I'm an atheist visiting a islamic republic where the punishmnent for apostacy may be high.

Is it possible for an ISP to see the websites I might browse or what kind of blasphemous conversations I might have with others over MSN/Yahoo, etc. (which may be related to the forementioned activities).

Is it something I should be concerned about, or is there a negligible chance of this happening? Is there anything I can employ to 'mask' this?

  • 6
    This will highly depend on your location.
    – innaM
    Aug 17, 2009 at 8:23
  • @Manni - Thats True
    – joe
    Aug 17, 2009 at 8:28
  • 5
    -1 for atheism.
    – totymedli
    Jul 17, 2013 at 12:59
  • 1
    @JaredHarley, Not a wise decision to start that here....
    – Pacerier
    Dec 28, 2016 at 8:07

8 Answers 8


Why worry about your ISP? That's just a business trying to make some money, they probably won't bother. It might be much easier to reveal what you've been up to by examining your own computer. Like: which Flash-enabled websites has your computer visited since you bought it?

However, as for your current government administration things may be different. Just a few examples:

  • The Electronic Police State, 2008 National Rankings: 1. China, 2. North Korea, 3. Belarus, 4. Russia, 5. United Kingdom: England & Wales, 6. United States of America, 7. Singapore, 8. Israel, 9. France, 10. Germany, 11. Malaysia, 12. Ireland, 13. United Kingdom: Scotland, 14. Netherlands, 15. South Korea, 16. Ukraine, 17. Belgium, 18. Australia, 19. Japan, 20. New Zealand, 21. Austria, 22. Norway, 23. India, 24. Italy, 25. Taiwan, 26. Denmark, 27. Hungary, 28. Greece, 29. Canada, 30. Switzerland, 31. Slovenia, 32. Poland, 33. Finland, 34. Sweden, 35. Latvia, 36. Lithuania, 37. Cyprus, 38. Malta, 39. Estonia, 40. Czech Republic, 41. Iceland, 42. South Africa, 43. Spain, 44. Portugal, 45. Luxembourg, 46. Argentina, 47. Romania, 48. Thailand, 49. Bulgaria, 50. Brazil, 51. Mexico, 52. Philippines

  • Somebody in London is stopped and searched every three minutes, and while the number of arrests says nothing about the actual threat, so the number of arrests can hardly be used to calculate a "success rate": The Metropolitan Police used section 44 of the Terrorism Act more than 170,000 times in 2008 to stop people in London. [..] Of all the stops last year, only 65 led to arrests for terror offences, a success rate of just 0.035%.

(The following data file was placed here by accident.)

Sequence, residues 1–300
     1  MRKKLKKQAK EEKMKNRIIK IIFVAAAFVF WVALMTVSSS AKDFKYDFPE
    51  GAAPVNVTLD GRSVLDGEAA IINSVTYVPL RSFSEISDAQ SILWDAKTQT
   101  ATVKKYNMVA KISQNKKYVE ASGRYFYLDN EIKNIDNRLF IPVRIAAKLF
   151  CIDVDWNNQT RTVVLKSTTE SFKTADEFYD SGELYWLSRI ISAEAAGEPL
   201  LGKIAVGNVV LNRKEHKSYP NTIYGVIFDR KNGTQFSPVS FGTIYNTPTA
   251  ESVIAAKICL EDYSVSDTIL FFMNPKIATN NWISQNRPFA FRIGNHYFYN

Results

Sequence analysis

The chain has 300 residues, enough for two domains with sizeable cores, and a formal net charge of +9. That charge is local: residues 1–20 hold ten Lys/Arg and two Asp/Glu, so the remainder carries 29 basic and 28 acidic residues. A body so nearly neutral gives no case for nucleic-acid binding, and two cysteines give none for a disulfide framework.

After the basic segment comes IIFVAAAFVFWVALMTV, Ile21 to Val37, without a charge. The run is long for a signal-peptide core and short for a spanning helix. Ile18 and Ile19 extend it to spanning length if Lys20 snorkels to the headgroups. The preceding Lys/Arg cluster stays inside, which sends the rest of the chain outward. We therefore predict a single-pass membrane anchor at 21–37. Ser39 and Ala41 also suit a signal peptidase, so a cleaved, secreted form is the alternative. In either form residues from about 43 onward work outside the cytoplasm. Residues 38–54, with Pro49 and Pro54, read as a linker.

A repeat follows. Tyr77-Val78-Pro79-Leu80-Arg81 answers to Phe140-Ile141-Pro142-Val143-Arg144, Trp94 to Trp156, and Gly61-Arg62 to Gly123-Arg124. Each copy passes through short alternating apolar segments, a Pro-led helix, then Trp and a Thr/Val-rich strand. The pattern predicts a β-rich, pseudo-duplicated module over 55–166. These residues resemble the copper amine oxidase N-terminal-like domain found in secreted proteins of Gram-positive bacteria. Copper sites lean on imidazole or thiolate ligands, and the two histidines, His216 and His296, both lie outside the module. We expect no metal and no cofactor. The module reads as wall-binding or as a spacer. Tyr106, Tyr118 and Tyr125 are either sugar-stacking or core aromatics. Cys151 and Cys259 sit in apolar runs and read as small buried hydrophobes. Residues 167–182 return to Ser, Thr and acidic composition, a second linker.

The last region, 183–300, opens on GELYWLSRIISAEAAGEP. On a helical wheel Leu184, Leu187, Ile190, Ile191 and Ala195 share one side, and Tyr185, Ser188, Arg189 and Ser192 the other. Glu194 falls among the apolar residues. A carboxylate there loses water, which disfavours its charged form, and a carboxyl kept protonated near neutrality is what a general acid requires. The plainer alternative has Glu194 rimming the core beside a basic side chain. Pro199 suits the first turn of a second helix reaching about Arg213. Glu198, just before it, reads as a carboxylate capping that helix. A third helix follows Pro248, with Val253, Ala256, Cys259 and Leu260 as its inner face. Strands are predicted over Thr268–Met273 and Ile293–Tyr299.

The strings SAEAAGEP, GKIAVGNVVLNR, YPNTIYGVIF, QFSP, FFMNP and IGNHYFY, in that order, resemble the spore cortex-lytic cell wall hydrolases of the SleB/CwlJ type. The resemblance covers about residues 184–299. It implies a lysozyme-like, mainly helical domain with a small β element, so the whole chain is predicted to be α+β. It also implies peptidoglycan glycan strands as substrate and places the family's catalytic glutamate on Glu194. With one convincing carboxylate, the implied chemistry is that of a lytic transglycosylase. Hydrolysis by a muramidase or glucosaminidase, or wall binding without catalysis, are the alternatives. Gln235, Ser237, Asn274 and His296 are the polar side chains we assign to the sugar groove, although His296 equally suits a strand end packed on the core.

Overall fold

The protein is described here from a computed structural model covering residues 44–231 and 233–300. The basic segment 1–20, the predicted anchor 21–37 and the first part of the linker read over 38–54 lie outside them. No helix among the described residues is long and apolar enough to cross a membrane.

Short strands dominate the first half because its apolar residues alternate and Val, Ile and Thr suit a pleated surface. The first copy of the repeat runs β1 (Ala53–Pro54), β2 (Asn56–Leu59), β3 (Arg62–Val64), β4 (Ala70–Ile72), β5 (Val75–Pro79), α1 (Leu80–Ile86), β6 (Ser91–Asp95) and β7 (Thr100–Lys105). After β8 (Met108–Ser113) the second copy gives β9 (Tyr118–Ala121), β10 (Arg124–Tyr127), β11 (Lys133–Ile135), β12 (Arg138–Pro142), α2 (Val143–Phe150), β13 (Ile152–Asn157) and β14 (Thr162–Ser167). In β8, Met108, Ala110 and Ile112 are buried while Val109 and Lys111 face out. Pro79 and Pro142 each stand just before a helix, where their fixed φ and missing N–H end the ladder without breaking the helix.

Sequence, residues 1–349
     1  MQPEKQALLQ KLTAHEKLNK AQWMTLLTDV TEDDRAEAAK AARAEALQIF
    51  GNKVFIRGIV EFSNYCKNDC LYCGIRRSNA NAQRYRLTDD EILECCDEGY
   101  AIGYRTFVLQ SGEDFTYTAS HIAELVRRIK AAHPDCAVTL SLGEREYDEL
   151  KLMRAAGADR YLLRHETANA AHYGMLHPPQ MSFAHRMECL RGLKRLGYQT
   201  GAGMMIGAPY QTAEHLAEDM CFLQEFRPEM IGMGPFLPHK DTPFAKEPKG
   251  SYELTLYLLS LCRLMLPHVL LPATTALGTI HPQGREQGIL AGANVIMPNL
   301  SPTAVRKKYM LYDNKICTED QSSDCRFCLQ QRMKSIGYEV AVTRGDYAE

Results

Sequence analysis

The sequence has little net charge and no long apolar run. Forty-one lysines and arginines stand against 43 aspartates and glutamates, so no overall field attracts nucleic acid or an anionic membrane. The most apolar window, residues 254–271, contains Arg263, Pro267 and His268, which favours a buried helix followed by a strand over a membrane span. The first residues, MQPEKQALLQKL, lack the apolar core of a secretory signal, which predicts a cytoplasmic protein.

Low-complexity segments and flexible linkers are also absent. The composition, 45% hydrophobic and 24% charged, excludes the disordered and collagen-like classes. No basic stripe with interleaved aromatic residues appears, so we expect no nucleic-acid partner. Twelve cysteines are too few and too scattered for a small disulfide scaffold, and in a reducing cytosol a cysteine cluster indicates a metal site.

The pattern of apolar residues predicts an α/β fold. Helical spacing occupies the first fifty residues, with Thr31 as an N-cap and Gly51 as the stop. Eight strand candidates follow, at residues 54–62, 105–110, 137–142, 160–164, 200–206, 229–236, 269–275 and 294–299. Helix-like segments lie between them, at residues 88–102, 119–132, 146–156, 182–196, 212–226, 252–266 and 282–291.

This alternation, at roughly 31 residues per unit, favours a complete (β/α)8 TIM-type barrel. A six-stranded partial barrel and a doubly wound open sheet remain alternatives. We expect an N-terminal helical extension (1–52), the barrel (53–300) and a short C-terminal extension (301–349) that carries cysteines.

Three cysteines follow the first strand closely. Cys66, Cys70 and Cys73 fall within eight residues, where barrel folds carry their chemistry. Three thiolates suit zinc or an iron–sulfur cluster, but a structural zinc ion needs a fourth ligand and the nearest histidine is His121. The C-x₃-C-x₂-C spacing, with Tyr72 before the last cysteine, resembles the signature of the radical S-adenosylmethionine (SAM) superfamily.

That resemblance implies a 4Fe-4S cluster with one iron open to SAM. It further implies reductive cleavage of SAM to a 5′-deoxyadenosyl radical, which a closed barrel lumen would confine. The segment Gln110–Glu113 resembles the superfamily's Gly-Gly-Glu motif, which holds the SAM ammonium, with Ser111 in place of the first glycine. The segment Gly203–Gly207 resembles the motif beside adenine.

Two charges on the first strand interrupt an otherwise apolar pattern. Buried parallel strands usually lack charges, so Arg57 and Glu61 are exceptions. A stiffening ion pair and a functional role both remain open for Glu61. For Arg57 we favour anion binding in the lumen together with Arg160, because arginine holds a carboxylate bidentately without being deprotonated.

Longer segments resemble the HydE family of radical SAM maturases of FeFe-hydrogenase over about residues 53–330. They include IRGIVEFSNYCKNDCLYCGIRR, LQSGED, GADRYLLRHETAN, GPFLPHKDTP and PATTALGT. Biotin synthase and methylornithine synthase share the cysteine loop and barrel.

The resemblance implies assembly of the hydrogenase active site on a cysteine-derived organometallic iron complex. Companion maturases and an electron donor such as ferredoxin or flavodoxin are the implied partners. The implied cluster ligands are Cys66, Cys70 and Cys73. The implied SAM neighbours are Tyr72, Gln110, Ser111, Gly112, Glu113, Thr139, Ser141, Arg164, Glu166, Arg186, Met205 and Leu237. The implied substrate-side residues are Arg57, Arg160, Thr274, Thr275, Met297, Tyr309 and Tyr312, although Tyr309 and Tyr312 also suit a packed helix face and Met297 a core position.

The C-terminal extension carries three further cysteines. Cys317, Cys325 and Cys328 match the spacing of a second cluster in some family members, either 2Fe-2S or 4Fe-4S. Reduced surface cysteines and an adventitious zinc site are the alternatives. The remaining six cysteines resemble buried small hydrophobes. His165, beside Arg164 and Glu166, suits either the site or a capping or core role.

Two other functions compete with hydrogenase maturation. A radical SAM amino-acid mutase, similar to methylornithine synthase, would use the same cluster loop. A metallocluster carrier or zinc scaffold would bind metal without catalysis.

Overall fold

• New and worse secrecy and immunity claims from the Obama DOJ, Kevin Bankston of the Electronic Frontier Foundation, in an interview with Keith Olbermann: The Obama administration is embracing the same aggressive secrecy arguments that the Bush administration did, and is going them one better, by arguing this incredible immunity argument. By saying that despite the many laws that we have that are meant to restrict the government from wiretapping us or accessing our communications records without warrants, that the US government is immune from any lawsuit for violating those statutes, and essentially eviscerating the privacy rights of millions of ordinary Americans.

  • British cops identify 200 schoolchildren as potential terrorist: 200 children in the UK, some as young as 13, have had files opened on them by the British anti-terror cops as potential terrorists -- even though they have committed no crimes. The children were reported to the anti-terror squad by their teachers on the basis of school work, journals and conversations that, in the teachers' view, indicated that the children were susceptible to extremist beliefs. The programme is only 18 months old and has already identified 200 children who should be treated as terrorism suspects. At this rate, every child in Britain should be on the watch list by, what, 2018?

  • Lol... The programme is only 18 months old and has already identified 200 children who should be treated as terrorism suspects. How many do they have on that list now?
    – Pacerier
    Dec 28, 2016 at 8:10

You can always route your internet traffic in encrypted channel. Depending on your background, Tor or SSH tunnelling might be the easiest (with the latter being better performance-wise).

I think that you should seek some more professional legal advice about situation in your target country. If there's a risk that your online activities might be controlled, then it's also likely that attempts to use secure channels will make you look suspicious.

Why not take a break from the Internet? Or at least some parts of it that you feel concerned about?

  • Its just conversations with friends I'm concerned about, wouldn't want them to see those Aug 17, 2009 at 8:11
  • 9
    Have you thought about using IM network that uses secure cryptography by default? I don't know which ones qualify and which ones do not. Aug 17, 2009 at 8:25
  • 1
    +1 I use SSH tunneling to my house to get around China's blocks when I'm there.
    – endolith
    Oct 22, 2009 at 19:42
  • @TadeuszA.Kadłubowski, Is a malicious ISP unable to intercept SSH even if it does IP packet spoofing and hijacking?
    – Pacerier
    Dec 28, 2016 at 14:41